After a grueling day, Corrie would frequently huddle in front of a terminal at a downtown Internet cafe, tapping at the keyboard from early evening until dawn. Chain-smoking and downing cups of sweetened tea, she pounded out ISM reports as well as personal notes to friends and family about life inside a combat zone. Sometimes she became so consumed that colleagues had to phone the shabab (young men) who managed the place to rouse her from her corner perch. She wrote about the Palestinian families she lived with and the children she saw shot dead and buried, about her halting attempts to learn Arabic and the Israeli checkpoints that made traveling through Gaza an ordeal. "It became a joke about how much time she spent writing at the Internet cafe," says Jenny, the Irish activist. "She wrote more than anyone, and she loved doing it. She summed up exactly how I felt, and she'd only bee
Despite what she witnessed, Corrie never lost her sense of humor or her playfulness. Sometimes, Mansour Lawani recalls, she would stand on his balcony and regale the Egyptian troops stationed across the border fence with Arabic phrases Lawani had taught her. "Ya, dofa, ihna awzeen nzur it ahramat!" she would shout. "Oh, soldiers, I want to visit the pyramids!" The troops would wave back good-naturedly. When Corrie came down with the flu, Lawani's wife presented her with a 1970s-era powder-pink-and-white-striped jumpsuit and matching head scarf to keep her warm. Corrie found the outfit hideous, says a comrade, but she showed up at work the next day wearing it. "We told her, 'If you wear this in front of a tank, they'll be laughing too hard to shoot you,'" Jenny recalls. "She went off dressed in the jumpsuit and played football in a pitch nearby with the local boys."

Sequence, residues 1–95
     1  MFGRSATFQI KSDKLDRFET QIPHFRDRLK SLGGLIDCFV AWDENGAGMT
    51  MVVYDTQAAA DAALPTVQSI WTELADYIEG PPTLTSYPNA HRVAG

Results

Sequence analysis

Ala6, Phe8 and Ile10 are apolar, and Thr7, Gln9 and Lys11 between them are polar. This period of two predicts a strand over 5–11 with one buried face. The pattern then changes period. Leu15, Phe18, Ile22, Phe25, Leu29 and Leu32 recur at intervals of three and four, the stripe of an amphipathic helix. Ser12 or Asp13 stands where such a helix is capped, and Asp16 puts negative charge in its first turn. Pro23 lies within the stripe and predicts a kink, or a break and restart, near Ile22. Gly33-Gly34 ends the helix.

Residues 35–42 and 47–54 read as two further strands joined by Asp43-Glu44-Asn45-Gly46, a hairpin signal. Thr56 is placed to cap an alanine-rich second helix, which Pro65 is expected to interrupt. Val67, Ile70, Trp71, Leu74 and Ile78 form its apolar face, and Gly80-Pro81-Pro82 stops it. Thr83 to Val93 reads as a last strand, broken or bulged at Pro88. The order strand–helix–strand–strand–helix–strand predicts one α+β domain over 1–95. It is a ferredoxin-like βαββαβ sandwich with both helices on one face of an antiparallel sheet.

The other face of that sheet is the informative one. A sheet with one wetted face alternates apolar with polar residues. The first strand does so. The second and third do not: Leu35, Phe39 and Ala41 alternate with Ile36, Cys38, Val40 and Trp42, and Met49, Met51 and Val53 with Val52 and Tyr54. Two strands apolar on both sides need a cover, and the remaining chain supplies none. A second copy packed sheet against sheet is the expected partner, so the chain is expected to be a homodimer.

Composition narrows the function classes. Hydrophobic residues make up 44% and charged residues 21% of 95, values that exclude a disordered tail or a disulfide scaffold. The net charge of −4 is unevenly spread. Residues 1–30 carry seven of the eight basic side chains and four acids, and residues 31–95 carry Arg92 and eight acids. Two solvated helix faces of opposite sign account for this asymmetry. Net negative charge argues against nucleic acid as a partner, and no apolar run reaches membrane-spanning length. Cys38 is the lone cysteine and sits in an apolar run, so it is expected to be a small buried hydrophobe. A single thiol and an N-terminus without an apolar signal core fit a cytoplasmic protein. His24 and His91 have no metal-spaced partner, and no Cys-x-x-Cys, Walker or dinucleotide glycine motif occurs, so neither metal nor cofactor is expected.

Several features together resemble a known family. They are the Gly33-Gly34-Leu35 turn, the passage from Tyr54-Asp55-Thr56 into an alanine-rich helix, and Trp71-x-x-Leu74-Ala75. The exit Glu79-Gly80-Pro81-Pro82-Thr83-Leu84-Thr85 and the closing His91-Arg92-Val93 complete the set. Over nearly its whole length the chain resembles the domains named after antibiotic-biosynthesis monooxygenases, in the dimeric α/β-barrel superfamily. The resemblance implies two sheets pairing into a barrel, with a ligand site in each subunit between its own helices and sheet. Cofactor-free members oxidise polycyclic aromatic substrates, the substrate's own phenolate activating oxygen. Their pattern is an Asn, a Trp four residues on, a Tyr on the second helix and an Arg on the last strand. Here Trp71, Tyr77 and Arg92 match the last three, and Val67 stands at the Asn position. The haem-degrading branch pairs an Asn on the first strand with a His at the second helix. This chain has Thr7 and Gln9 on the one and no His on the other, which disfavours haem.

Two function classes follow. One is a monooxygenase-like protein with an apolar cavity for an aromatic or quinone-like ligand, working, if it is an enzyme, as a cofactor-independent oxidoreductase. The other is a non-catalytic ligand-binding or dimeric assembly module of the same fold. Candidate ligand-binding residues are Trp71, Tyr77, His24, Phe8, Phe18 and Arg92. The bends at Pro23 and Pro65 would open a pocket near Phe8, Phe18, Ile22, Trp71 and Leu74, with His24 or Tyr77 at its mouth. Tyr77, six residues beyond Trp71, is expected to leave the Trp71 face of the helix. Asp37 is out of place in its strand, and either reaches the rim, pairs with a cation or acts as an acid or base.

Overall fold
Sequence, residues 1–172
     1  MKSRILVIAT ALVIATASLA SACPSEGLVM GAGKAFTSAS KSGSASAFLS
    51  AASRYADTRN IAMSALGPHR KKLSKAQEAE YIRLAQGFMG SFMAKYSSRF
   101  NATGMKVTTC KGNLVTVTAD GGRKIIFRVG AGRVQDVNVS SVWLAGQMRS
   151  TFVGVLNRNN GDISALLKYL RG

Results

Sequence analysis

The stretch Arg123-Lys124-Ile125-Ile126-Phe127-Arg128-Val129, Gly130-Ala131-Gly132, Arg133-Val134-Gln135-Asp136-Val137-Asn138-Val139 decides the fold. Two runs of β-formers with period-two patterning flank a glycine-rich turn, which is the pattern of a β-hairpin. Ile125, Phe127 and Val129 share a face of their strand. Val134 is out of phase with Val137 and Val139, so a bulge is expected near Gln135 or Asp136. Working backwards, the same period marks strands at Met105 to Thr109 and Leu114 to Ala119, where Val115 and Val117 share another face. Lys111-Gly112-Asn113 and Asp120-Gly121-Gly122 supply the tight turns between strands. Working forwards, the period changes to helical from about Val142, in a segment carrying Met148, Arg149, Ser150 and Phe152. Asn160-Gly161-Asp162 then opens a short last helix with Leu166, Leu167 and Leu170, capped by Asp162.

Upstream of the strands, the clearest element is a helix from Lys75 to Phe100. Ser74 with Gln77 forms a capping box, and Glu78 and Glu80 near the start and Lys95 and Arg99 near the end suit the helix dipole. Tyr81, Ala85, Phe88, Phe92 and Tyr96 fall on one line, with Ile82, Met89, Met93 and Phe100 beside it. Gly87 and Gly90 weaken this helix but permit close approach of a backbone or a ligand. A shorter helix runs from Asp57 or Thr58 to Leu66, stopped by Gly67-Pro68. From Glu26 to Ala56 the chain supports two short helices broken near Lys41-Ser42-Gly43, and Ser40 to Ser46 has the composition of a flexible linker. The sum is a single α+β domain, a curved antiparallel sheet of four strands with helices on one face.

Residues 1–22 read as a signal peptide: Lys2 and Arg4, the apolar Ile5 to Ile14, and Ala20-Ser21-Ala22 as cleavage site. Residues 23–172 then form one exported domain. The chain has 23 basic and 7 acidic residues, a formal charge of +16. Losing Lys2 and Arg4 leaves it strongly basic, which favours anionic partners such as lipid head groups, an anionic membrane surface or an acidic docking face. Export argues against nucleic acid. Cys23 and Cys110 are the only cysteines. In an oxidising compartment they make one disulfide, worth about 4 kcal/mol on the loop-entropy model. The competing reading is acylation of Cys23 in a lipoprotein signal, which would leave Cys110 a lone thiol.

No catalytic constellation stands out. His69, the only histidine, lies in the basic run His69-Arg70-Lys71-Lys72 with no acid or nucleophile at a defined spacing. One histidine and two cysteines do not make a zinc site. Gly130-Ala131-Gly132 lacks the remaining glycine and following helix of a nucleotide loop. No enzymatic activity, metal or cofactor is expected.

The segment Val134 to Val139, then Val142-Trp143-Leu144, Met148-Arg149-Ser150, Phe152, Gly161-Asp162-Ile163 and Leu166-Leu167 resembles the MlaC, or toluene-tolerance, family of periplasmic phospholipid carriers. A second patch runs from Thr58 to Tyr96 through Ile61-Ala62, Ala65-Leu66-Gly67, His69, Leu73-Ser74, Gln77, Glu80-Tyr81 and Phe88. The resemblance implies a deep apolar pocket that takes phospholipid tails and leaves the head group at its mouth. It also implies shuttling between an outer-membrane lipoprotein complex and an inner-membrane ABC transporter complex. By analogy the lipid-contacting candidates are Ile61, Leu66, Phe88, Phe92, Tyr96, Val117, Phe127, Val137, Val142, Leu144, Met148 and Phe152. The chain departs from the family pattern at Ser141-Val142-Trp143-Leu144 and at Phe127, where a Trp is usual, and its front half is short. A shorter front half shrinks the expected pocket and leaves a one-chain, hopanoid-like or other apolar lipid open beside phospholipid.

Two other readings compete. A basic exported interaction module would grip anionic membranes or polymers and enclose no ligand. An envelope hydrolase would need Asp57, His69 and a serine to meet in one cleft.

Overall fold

The second week of March had been unusually quiet inside the Pink Line. On Friday, March 14, two days before her death, Corrie gave an interview to the Middle East Broadcasting network about conditions in Rafah. Perched on the roof of a bullet-pocked house, Corrie squinted into the sun and cast a nervous glance at a nearby Israeli watchtower. Her neck wrapped in a checked white-and-black kaffiyeh, thin frame draped in a blue sweatshirt, her hair pulled back in a disheveled ponytail, Corrie cut an appealing, impassioned figure. "I feel like I'm witnessing the systematic destruction of a people's ability to survive. It's horrifying," she told the reporter. "It takes a while to get what's happening here. People here are trying to maintain their lives, trying to be happy. Sometimes I sit down to dinner with people and I realize there is a massive military machine surrounding us, trying
Corrie spent Friday and Saturday nights in the home of Ibrahim and Jindiya al-Shaer in Hai as-Salam. Bulldozers had systematically sheared off one home after another between theirs and the border, leaving the al-Shaer house standing exposed on the front line. The front door was now too dangerous to use, so the family entered and exited their house via a small aperture cut into the rear wall. Corrie had grown close to the family's 17-year-old daughter, Naela, who'd been grazed by shrapnel while sitting on her porch in early January. "We should be inspired by people like you who show that human beings can be kind, brave, generous, beautiful, strong-even in the most difficult circumstances," Corrie scribbled in Naela's diary. "Follow your dreams, believe in yourself and don't give up. Much love and respect, Rachel from Olympia, Washington."
Awakening at dawn on Sunday to the sound of tanks rumbling along the border strip, Corrie drank a cup of sweet tea proffered by Naela's mother and then presented the family with a bag of powdered zattar, a pungent blend of spices including thyme, marjoram, and salt. Jindiya sprinkled it on pita bread saturated with olive oil and served it to the family for breakfast. Rachel ate quickly, as she always did-eager to get into the field. "Don't go," Naela's father teased her. "Stay here and marry me."
"You're an old man, and besides, you've already got a wife," Rachel joked back.
"It doesn't matter," he said. "I'll teach you Arabic. You'll teach me English. We make a perfect pair."
Begging off the family's continued pleas, at 8:30 Rachel climbed through the hole in the rear of their house and walked down the sandy alley toward her office.